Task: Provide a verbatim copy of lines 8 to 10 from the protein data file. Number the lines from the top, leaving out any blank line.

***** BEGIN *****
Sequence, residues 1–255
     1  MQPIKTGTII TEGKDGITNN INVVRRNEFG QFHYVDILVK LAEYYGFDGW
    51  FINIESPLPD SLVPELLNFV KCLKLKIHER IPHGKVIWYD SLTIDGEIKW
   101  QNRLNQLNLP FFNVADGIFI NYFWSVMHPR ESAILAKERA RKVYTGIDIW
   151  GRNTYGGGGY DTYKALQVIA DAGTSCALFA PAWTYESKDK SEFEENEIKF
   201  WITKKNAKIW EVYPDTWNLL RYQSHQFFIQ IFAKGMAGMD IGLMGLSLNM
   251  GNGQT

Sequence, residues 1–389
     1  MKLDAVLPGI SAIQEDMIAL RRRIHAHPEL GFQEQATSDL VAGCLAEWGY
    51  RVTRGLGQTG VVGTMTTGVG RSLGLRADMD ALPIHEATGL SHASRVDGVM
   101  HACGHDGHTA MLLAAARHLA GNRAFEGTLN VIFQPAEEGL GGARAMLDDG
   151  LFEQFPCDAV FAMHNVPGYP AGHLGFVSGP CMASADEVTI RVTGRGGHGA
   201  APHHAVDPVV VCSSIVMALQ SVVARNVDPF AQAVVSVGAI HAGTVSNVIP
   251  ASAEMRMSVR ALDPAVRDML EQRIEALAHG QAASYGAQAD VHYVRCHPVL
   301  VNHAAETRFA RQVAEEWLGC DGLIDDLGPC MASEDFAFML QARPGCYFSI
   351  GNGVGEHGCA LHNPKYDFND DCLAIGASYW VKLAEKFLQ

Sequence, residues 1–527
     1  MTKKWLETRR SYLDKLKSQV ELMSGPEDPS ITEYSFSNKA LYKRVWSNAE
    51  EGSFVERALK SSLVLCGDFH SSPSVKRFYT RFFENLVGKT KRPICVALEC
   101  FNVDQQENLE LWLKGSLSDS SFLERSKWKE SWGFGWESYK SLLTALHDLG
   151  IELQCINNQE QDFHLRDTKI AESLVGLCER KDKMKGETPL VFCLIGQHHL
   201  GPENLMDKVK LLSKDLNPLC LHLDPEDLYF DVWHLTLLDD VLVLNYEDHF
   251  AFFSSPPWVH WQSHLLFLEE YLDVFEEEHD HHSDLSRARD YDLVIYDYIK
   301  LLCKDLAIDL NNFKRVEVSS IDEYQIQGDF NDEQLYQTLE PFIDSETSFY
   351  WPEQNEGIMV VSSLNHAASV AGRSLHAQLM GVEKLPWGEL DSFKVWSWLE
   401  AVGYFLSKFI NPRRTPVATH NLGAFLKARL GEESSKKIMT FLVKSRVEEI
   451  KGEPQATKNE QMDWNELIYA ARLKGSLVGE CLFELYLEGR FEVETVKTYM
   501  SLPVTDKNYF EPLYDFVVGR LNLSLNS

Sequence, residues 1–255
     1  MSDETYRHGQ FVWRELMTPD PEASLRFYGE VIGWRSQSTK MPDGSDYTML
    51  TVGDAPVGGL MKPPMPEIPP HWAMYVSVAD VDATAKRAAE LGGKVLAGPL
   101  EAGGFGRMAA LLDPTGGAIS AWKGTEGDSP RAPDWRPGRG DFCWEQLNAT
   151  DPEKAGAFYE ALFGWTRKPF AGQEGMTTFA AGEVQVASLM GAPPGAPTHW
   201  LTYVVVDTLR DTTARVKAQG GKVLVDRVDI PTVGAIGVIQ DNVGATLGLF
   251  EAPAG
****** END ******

Sequence, residues 1–389
     1  MKLDAVLPGI SAIQEDMIAL RRRIHAHPEL GFQEQATSDL VAGCLAEWGY
    51  RVTRGLGQTG VVGTMTTGVG RSLGLRADMD ALPIHEATGL SHASRVDGVM